“Lane splitting,” also known as “white lining,” is the practice of riding a motorcycle between rows of traffic. Yesterday, I discussed the legality of the issue in the blog post Is Lane Splitting on a Motorcycle Legal in California? Today, I will continue the discussion on lane splitting with another important question:
Is Riding Between Lanes on a Motorcycle Safe?
Most car drivers (and many motorcyclists) consider lane-splitting unsafe. But is it? Studies show that it may not be as dangerous as most people think. As discussed in my blog back in December, a USC study commissioned by the U.S. Department of Transportation found that lane splitting is actually safer than sitting in stop-and-go traffic, where bikers are far more likely to be “sandwiched” between two cars. “For a motorcyclist, that’s the safest place to be,” Professor Harry Hurt said shortly after releasing his study. “A lot of people think it’s a hazard, but the cold, hard facts are that it’s not.”
Of course, riding a motorcycle always comes with a degree of danger. You can’t control what other drivers will do — and you can’t always predict the stupidity or negligence of others. But from personal experience, both as a life-long biker, and as a motorcycle accident attorney, I believe that lane splitting is safe, if it’s done safely — that is, at reasonable speeds for the given situation, and only by an experienced rider.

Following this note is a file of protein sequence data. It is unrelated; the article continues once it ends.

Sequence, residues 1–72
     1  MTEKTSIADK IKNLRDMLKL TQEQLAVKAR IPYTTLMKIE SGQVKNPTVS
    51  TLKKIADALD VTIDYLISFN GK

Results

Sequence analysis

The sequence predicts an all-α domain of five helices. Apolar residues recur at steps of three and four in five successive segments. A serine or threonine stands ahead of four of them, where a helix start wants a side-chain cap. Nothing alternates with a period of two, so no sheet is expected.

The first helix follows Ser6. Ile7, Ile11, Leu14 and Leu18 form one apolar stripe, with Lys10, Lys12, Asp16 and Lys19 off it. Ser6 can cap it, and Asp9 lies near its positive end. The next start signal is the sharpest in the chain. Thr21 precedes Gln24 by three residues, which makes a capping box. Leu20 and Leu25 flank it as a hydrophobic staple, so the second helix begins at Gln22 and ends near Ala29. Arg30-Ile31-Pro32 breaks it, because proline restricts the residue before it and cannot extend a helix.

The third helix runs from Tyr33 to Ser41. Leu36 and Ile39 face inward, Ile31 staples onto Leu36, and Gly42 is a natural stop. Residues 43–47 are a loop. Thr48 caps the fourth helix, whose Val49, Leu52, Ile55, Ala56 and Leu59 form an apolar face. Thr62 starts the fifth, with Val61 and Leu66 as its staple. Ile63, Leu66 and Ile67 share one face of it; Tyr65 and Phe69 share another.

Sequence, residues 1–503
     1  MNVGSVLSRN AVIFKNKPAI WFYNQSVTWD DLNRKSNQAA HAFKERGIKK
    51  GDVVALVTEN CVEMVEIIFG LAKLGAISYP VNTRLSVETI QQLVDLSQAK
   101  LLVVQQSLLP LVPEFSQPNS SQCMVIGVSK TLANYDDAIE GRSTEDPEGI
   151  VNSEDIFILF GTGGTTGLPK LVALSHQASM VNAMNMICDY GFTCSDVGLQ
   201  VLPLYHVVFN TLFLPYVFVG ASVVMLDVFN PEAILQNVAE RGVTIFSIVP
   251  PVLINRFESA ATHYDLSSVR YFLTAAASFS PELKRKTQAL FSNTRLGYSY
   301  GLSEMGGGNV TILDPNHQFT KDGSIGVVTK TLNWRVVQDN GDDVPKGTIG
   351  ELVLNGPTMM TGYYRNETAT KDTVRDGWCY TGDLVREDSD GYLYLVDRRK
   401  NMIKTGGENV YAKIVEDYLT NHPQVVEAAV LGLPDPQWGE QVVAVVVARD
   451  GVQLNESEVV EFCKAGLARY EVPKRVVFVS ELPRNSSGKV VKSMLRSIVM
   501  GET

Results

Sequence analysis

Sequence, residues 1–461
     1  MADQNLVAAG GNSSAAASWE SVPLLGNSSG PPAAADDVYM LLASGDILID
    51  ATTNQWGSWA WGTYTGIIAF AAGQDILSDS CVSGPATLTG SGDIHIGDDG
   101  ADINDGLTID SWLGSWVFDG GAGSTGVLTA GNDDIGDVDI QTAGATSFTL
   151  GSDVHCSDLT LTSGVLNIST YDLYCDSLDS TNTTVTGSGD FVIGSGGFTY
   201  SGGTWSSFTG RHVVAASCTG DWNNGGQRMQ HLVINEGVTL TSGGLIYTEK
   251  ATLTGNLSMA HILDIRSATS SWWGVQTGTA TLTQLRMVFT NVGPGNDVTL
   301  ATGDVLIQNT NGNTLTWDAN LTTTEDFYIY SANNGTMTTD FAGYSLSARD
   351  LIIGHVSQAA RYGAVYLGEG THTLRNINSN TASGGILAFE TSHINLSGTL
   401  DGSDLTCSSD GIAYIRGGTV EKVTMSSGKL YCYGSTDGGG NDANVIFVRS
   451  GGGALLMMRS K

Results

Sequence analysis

The simple fact is, many bikers zip through traffic as though the notion of getting cut-off by an inattentive driver is ridiculous. This is a recipe for disaster. I’ve handled far too many motorcycle accident lawsuits that result from drivers jumping across a double-yellow and cutting off a lane-splitting biker. In most (but not all) of these cases, the motorcyclist was riding way too fast — either too fast for the situation, or sometimes even far in excess of the posted speed limit. And often, these bikers have been inexperienced riders, having ridden a motorcycle for less than a year or two.
If you chose to split lanes, please do so safely. Traffic in California can be treacherous. Just take a ride around the mean streets of Los Angeles, San Diego, or San Francisco (where I was hit by an uninsured driver ten years ago), and look into cars at the drivers. It seems like half of them are texting or talking on their phone without a headset. And who knows how many have been drinking?
The fact that “it was the other guy’s fault” won’t put you back together if you’re badly injured in an accident. We’re expert motorcycle accident lawyers, and we’re happy to help you if you are in an accident. But we were motorcyclists long before we were attorneys, and we mean it when we say, we would rather you never need us. Ride safe.